To save you time, the papers basically say this: when it comes to the stock market, people move around like herds and their actions carry some momentum, and because of that, markets tend to move in long term trends, such that when the stock market goes up over a 12 month period, it’s highly likely that it will go up the next 12 months. Conversely, when markets go down over a 12 month period, it’s highly likely that it will go down the next 12 months. So there’s a critical point when over a 12 month period, stocks tilt from a positive movement to a negative movement. I call this the Tipping Point. And history shows that once this tipping point is reached, the likelihood of markets falling significantly rises. This is the point at which all the good cards in the deck have been played, and what you’re left with is a bunch of low value cards and a reduced probability of winning. And when that happens, it pays to reduce one’s risk by shifting from stocks to investment grade bonds.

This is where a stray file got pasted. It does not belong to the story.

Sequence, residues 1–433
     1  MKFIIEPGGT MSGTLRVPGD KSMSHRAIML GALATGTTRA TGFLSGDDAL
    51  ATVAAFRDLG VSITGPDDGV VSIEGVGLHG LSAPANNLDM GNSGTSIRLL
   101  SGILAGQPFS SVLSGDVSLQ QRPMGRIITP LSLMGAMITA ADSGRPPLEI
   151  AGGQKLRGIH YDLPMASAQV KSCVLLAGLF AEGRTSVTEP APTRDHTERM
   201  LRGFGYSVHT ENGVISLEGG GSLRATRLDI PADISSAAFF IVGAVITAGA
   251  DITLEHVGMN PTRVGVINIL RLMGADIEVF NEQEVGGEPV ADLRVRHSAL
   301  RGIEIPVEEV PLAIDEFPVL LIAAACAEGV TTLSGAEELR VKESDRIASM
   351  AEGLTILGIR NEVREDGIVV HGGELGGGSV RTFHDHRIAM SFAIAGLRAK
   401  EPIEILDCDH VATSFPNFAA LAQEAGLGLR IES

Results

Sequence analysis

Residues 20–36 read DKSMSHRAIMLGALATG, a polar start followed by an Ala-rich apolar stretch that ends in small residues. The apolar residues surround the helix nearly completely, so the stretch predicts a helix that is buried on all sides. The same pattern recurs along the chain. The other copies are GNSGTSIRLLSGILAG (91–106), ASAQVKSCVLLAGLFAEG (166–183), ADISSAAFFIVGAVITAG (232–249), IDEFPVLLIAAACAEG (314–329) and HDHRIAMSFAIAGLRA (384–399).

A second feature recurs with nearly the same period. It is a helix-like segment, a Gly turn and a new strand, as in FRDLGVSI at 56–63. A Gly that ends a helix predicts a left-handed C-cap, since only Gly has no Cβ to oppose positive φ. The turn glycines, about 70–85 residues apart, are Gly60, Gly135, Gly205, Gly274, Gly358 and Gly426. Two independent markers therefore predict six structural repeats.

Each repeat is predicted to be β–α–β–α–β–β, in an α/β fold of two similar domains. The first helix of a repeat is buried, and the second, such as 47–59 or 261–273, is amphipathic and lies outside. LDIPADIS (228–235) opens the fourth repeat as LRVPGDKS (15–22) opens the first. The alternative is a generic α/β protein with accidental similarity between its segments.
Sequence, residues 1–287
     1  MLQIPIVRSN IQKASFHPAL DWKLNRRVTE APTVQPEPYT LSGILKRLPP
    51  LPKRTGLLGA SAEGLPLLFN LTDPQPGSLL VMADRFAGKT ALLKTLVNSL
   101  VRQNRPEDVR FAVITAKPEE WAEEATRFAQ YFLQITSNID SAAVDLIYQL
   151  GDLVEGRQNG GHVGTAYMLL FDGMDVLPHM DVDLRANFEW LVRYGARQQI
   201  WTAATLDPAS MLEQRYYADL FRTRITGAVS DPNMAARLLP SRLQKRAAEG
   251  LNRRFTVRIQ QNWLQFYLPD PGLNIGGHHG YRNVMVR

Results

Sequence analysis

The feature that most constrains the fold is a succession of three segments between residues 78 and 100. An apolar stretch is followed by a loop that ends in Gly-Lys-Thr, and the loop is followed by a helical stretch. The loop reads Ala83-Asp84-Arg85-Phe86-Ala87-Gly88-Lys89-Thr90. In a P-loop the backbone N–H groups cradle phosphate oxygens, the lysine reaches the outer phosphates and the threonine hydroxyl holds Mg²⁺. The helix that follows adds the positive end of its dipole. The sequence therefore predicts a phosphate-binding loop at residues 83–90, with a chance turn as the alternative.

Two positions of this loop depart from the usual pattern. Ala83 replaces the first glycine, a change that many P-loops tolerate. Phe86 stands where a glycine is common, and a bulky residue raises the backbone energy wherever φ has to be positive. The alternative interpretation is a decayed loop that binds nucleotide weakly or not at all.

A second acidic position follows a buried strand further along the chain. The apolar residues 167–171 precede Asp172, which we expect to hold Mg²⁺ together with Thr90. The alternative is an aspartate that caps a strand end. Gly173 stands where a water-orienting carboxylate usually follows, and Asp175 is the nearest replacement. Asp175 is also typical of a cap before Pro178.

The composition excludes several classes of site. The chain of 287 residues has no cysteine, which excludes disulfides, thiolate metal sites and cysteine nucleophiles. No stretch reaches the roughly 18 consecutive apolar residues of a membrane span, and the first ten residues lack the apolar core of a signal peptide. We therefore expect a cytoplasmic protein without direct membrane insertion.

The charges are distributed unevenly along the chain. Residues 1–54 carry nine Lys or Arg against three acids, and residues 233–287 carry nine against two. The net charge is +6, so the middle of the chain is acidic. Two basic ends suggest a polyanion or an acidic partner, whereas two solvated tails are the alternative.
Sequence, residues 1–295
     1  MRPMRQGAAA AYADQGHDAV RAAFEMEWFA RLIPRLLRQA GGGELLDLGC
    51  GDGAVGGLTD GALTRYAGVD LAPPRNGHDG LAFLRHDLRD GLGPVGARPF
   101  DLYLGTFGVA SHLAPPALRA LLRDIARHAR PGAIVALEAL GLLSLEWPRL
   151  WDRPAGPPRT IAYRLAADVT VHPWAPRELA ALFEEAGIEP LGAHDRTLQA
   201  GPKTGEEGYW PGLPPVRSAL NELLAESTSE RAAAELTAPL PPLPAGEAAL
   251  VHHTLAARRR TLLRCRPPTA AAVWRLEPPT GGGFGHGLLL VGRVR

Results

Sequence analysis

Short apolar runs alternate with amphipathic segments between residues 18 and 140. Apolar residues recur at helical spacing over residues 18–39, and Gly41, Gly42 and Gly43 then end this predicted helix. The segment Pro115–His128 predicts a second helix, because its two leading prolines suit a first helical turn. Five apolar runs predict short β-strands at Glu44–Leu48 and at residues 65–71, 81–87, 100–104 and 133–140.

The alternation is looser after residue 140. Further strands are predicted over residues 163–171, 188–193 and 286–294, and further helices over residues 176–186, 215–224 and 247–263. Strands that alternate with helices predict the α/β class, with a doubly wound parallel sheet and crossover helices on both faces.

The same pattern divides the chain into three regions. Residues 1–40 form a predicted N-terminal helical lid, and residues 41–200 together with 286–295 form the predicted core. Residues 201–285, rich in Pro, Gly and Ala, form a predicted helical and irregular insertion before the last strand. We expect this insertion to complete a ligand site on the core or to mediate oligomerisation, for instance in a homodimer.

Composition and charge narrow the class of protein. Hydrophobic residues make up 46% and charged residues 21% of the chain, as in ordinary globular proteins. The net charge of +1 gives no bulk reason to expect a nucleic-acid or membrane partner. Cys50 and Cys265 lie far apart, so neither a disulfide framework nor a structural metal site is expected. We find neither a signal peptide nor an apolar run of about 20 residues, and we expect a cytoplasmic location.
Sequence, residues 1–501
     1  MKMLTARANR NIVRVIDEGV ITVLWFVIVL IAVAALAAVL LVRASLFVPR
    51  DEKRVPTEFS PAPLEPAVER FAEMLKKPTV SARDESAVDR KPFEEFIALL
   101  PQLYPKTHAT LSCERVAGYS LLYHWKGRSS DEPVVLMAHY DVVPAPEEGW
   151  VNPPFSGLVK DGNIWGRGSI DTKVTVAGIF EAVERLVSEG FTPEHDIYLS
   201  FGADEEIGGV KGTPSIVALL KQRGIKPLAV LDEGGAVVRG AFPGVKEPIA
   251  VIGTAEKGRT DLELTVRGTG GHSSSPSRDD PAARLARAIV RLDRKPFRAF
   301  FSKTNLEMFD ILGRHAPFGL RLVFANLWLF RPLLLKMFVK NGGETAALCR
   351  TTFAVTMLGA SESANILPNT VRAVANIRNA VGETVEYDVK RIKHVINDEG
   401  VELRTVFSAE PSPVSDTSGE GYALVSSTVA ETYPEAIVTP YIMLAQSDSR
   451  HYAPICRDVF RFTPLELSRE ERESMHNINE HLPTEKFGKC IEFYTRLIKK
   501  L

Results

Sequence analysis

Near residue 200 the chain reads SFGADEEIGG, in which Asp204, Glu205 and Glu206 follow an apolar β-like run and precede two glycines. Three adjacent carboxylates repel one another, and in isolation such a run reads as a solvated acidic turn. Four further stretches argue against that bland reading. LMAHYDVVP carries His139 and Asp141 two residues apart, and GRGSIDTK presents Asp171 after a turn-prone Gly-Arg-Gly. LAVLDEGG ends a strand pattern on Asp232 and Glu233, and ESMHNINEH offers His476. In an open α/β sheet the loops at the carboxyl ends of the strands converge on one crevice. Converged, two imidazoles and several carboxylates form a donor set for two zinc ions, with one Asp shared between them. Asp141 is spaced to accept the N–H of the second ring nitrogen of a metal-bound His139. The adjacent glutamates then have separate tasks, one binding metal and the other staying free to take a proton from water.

Here’s what it looks like when you do that. You’ve seen this chart before:
The line on the bottom is the return from investment grade bonds, the line in the middle is the S&P 500 with a buy and hold approach, and the line on top is the one that makes the shifts during these tipping points to go from stocks to bonds and back again.
As you can see, the approach that reduces stock exposure during poor risk/reward environments actually does significantly better over time because it avoids some of the biggest disasters. By going slower, you can get to your financial destination faster. Or, said differently, by playing good defense, you actually improve your offensive numbers. Defense wins games.
So where are we on the risk/reward spectrum, and what does the tipping point model say now? It is currently defensive, after tipping negatively late last year (click to see a larger version):
Based on this, it can be argued that we are in a poor risk/reward environment and that we have potentially entered a period where returns for the market will be poor or subdued.